“Jurati’s justification for letting the Queen stay in her body is that they are both lonely and can keep each other company. Also, Jurati believes, and convinces Starfleet, that after losing her Collective and being defeated in the alternate timeline, the Queen has gone through a paradigm shift and is ready to change. The problem is that many people in the real world believe this about their abusers too. People can and do change for the better, but the Borg hive mind is already established as an addiction almost impossible to break.”

I think Peters misunderstands who Agnes Jurati was before she encountered the Borg Queen.

Agnes Jurati isn’t “hard to pin down”

In a post from Collider, writer Monita Mohan says that Picard “failed” Agnes Jurati, because she’s written unevenly. Specifically, Mohan explains, “[We’re] told that Jurati gets along better with synthetic and artificial beings, not people, even though she seems very close to her teammates on La Sirena. And, from the moment the Borg Queen enters the fray, she relentlessly taunts Jurati for being insecure, lonely, and unloved. But, is any of that really true?”

She concludes this train of thought by stating, “Agnes Jurati’s personality has been hard to pin down.”

Has it, though? Just because someone is “bad with people” doesn’t mean they never form relationships ever. In fact, it tends to make the relationships they do form all the more special, because of how difficult they were to build in the first place.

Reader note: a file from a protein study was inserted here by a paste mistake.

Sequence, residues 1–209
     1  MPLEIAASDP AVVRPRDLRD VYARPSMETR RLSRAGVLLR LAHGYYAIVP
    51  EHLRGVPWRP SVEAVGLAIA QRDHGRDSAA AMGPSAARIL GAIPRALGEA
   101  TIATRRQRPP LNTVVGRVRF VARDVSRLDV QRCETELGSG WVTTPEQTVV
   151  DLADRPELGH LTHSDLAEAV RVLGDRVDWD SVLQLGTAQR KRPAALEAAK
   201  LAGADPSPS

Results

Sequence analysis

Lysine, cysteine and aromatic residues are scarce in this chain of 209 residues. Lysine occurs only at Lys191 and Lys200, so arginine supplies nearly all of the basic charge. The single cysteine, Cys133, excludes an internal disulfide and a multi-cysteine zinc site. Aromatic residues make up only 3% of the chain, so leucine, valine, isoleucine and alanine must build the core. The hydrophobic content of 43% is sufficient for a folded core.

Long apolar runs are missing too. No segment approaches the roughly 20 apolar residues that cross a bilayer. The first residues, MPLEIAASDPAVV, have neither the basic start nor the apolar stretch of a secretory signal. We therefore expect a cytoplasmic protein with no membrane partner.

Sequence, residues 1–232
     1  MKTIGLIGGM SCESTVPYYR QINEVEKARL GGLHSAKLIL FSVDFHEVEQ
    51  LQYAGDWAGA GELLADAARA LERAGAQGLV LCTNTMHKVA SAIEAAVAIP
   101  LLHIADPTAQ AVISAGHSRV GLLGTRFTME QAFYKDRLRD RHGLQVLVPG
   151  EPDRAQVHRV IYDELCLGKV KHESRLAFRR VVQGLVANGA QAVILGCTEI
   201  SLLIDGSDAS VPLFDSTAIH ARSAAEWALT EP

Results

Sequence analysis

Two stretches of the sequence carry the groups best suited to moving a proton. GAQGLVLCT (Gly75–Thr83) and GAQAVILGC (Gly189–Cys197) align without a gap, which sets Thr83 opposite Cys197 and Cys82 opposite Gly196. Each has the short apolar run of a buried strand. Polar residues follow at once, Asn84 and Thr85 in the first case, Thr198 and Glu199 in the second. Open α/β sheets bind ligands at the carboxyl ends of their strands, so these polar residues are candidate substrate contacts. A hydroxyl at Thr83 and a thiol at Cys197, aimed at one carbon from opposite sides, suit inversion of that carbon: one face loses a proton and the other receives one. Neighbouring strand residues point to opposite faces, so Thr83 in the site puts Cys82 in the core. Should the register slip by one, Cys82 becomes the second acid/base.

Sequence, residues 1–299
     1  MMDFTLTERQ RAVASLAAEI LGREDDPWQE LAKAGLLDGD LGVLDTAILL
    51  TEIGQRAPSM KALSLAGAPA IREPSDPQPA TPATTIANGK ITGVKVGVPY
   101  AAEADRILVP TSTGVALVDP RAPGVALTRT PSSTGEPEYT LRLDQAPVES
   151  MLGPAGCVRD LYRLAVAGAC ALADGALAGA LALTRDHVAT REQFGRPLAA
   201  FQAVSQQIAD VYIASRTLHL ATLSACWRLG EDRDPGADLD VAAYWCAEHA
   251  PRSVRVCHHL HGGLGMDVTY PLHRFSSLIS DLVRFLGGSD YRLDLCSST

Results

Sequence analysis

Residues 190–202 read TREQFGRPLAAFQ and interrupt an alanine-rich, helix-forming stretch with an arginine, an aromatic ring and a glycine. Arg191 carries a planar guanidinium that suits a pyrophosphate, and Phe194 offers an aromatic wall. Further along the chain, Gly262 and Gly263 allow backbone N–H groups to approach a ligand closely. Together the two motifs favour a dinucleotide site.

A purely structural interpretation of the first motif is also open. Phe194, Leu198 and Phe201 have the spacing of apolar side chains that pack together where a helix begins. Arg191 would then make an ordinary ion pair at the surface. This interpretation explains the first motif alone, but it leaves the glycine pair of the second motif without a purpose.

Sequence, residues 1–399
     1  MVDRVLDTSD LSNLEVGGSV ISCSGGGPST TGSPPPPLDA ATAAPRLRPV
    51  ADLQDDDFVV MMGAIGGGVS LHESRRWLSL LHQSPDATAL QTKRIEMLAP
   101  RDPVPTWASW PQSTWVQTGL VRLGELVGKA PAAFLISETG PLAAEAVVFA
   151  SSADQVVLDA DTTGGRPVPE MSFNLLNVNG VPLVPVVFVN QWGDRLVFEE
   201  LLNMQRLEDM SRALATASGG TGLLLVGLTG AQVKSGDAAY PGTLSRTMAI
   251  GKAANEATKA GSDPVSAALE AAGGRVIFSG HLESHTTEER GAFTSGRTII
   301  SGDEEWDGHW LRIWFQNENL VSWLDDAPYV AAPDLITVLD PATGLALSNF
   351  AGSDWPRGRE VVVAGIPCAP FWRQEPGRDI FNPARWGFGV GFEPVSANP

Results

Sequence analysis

It isn’t that Jurati doesn’t want relationships with fellow human beings — it’s that she doesn’t feel like she fits in, which affects how she relates to others.

Annie Wersching as the Borg Queen on 'Star Trek: Picard.' She is hanging from her Borg cables at an angle under bluish light. We see her from the chest up. The background is red.

The Borg are antagonists, not “villains”

Rachel Carrington at Fansided extended her criticisms of Picard‘s writing beyond Jurati to the Borg Queen. Clearly, Carrington likes the Borg Queen as an uncomplicated villain, going so far as to say that she’s “evil to the core and cannot be trusted.”

Deeming the Borg Queen “evil” simply for being what she is (not just Borg, but the Borg) is the least Star Trek way to see an antagonist. Is she dangerous? Absolutely. Do I understand why someone who’s experienced trauma at her hands wouldn’t trust her? Yup.